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Ex Laiki bankers fined for market manipulation (updated)

Defunct Laiki bank

Four former executives of the now-defunct Laiki Bank who were found guilty of market manipulation were on Friday fined €150,000 and €120,000 by the Nicosia criminal court.

Managing director Efthimios Bouloutas was fined €150,000 while vice-president Neoclis Lysandrou, deputy CEO Panayiotis Kounnis and executive board member Marcos Foros were handed a €120,000 fine.

The four had been found guilty on two charges of market manipulation and submitting false or misleading information with regards to publishing an interim consolidated financial statement in November 2011, in which they omitted to include a goodwill write-down of €330m for Marfin Popular Bank’s – as Laiki was then known – operations in Greece.

The fine concerns the second charge only. No penalty was imposed on the first charge.

In their unanimous decision, the three judges said without downplaying the seriousness of the offences and the need to impose penalties that will convey the message that any kind of dishonest and methodical deception have no place in a bank and financial system, at the same time they ought to take into consideration that in the present case, investors suffered no losses while the offenders did not gain any benefits.

The court said that element – significant loss to investors — was vital in other cases abroad where jail sentences had been imposed.

Beyond that, the court said it had also taken into account certain other mitigating factors such as the lengthy time that has gone by since the commission of the offences, the loss of their jobs, inability to repeat the offence in the future, and their clean records.

The case was referred to a criminal trial on November 28, 2016 following delays after defendants Bouloutas and Foros, both Greek nationals, refused to appear in person in a Cypriot court.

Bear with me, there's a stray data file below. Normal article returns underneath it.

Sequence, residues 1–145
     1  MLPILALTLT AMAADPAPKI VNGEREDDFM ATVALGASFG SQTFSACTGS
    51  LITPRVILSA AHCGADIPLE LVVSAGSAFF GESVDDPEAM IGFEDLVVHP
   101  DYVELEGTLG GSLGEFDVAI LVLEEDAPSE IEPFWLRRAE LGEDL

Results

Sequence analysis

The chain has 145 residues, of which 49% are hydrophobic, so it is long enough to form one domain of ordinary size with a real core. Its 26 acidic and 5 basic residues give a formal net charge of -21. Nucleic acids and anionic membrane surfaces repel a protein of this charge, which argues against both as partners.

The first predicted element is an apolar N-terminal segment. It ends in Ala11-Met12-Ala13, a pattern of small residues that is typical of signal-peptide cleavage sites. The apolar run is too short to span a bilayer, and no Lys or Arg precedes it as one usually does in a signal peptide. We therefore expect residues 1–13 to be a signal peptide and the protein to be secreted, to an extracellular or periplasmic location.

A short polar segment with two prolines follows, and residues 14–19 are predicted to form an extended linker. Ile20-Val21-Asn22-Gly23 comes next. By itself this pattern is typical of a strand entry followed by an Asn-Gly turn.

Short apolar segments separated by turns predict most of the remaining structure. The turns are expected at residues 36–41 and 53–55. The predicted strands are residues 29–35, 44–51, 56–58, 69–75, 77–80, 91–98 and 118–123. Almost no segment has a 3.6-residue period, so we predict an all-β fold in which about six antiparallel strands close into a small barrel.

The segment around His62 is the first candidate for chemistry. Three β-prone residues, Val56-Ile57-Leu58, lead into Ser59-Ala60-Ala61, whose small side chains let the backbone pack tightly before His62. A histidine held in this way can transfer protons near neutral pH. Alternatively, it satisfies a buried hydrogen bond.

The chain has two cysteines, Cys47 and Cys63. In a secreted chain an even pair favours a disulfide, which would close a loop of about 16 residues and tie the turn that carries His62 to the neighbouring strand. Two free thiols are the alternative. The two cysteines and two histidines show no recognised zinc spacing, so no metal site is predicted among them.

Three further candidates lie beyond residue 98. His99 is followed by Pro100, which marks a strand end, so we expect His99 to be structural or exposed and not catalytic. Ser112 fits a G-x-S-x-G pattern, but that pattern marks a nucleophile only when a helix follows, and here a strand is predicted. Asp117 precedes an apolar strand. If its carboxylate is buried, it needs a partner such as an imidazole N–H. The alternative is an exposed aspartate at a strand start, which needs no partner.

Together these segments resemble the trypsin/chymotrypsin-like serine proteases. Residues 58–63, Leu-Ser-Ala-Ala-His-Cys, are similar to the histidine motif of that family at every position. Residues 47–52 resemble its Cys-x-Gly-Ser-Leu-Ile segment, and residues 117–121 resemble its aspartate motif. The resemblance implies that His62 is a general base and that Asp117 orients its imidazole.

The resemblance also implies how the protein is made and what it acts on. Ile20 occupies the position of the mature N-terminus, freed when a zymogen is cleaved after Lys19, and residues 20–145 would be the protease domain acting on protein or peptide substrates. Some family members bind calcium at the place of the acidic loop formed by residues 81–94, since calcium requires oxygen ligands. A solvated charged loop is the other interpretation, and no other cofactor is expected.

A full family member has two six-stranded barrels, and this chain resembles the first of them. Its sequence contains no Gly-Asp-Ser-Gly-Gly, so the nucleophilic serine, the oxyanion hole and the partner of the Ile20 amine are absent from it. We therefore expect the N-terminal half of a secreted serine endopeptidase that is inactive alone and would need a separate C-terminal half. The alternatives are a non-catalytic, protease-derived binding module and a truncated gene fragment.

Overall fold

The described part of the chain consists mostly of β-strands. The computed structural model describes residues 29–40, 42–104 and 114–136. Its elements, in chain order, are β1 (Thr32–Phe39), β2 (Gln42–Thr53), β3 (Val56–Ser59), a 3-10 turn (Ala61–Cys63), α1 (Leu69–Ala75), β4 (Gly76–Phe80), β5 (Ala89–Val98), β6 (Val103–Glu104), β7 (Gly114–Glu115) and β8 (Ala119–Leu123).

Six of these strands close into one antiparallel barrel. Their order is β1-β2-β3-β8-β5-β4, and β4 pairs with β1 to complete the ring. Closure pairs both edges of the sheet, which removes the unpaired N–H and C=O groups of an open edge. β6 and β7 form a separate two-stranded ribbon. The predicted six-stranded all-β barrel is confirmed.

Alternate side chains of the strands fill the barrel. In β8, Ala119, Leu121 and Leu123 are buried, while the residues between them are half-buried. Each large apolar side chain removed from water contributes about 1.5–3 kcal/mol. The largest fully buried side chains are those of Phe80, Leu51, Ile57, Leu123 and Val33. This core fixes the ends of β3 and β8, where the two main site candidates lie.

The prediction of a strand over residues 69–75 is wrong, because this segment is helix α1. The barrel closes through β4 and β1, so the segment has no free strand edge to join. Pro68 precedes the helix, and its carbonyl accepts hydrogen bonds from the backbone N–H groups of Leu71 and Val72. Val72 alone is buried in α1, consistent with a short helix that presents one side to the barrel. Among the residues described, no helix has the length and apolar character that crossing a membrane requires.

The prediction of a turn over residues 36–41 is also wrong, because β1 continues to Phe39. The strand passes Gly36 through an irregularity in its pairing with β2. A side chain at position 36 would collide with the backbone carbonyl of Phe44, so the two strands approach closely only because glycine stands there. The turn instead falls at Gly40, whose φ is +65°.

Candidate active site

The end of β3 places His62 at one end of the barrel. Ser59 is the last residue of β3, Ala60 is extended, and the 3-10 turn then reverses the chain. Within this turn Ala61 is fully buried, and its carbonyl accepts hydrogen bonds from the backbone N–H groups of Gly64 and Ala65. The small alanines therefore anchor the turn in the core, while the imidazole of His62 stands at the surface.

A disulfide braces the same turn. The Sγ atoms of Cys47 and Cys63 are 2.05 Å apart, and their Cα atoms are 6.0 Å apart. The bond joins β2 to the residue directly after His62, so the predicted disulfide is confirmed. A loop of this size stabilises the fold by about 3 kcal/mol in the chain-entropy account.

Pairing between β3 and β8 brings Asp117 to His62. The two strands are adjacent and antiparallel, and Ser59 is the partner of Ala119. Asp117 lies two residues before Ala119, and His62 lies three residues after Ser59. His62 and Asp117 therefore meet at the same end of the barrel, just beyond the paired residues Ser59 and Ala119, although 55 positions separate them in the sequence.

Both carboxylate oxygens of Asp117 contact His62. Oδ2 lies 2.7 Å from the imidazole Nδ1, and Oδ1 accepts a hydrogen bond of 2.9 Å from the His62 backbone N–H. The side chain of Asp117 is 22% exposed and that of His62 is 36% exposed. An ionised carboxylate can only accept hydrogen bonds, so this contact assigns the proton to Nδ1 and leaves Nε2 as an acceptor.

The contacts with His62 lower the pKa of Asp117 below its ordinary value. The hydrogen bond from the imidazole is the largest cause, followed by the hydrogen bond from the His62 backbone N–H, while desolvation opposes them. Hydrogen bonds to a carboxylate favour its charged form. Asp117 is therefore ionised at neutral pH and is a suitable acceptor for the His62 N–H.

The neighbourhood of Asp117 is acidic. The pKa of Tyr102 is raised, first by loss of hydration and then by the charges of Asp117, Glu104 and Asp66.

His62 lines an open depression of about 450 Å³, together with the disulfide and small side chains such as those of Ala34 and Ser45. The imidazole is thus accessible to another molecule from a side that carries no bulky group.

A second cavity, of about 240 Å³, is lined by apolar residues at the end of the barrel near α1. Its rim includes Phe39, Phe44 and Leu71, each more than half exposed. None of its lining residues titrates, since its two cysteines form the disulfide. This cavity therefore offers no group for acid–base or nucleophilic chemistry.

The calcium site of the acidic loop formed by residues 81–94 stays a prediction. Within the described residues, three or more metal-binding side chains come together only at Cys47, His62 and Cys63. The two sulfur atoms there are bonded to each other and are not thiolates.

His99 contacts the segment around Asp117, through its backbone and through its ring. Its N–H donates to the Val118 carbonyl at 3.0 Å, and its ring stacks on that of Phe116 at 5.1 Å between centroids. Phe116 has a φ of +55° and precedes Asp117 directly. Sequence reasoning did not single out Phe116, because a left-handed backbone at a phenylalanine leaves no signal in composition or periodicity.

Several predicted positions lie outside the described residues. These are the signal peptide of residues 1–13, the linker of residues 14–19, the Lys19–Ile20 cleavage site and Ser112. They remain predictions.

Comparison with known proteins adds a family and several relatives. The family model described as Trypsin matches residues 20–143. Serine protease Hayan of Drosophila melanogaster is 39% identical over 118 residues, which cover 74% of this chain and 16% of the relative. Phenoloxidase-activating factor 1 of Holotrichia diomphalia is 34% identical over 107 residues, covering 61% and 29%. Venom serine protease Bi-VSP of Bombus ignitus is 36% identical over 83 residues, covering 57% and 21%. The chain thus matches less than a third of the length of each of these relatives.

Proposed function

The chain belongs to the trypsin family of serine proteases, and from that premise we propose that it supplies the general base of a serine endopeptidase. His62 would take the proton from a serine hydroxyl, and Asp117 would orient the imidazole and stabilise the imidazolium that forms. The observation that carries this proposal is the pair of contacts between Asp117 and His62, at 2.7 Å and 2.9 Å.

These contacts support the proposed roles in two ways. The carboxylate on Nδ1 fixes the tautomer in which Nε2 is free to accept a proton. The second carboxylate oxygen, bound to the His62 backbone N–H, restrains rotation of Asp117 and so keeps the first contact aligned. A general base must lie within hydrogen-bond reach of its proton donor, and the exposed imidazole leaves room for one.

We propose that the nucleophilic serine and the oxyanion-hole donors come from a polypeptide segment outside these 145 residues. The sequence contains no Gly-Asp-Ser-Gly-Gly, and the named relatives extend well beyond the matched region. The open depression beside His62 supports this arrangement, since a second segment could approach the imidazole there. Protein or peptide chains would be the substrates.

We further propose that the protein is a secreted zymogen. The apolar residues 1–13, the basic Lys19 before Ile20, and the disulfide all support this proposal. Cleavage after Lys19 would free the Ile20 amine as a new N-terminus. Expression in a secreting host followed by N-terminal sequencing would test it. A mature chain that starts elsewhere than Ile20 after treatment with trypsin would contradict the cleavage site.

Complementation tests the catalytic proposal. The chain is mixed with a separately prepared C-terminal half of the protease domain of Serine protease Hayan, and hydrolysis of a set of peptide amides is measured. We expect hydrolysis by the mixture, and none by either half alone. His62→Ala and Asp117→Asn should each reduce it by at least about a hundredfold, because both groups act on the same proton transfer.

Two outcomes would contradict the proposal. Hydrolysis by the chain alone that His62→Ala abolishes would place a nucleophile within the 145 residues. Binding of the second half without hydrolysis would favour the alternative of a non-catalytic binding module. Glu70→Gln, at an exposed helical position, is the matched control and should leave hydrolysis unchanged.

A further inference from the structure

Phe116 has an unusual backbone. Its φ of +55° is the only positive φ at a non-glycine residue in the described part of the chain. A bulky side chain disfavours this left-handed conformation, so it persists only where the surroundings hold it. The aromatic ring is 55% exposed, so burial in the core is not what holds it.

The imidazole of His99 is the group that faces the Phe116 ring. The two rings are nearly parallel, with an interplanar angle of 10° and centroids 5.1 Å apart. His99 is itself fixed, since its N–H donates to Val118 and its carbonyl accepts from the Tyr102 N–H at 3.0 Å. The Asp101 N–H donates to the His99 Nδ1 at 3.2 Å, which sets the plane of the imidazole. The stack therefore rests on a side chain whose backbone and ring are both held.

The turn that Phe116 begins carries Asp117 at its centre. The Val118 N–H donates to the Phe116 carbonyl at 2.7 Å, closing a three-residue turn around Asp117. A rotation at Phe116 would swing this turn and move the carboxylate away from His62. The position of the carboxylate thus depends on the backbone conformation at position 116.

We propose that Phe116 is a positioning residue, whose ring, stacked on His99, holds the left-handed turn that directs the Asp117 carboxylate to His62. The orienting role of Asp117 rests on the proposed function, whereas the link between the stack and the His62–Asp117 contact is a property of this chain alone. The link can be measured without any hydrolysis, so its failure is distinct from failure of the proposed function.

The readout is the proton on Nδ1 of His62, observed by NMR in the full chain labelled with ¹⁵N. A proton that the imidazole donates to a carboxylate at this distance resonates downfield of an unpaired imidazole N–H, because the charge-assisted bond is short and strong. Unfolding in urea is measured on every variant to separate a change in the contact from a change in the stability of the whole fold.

In its verdict, issued on October 12, the court said failure to include the writedown of goodwill in the bank’s financial statements could not be attributed to carelessness or a mistake, or an omission in good faith, but a wholly conscious, deliberate action in which all the defendants took part.

“It has become clear that each defendant’s sole pursuit was not to include the writedown in the financial statements and with direct and pointed diligence, to conceal the existence of such loss,” the court said.

The court said the defendants chose to approve the statements without the writedown while knowing the sensitivity of the matter and the disagreement of the external auditors.

“Approval of the financial statements in question… was not a spontaneous and hasty statement but a well-thought out and conscious decision on behalf of the defendants who knew all the information and were dealing with the issue for some time.”

The criminal court said their main concern, objective, and desire was to present a good image that would have an impact on the way it was managed by the board, as well as maintain investor interest.

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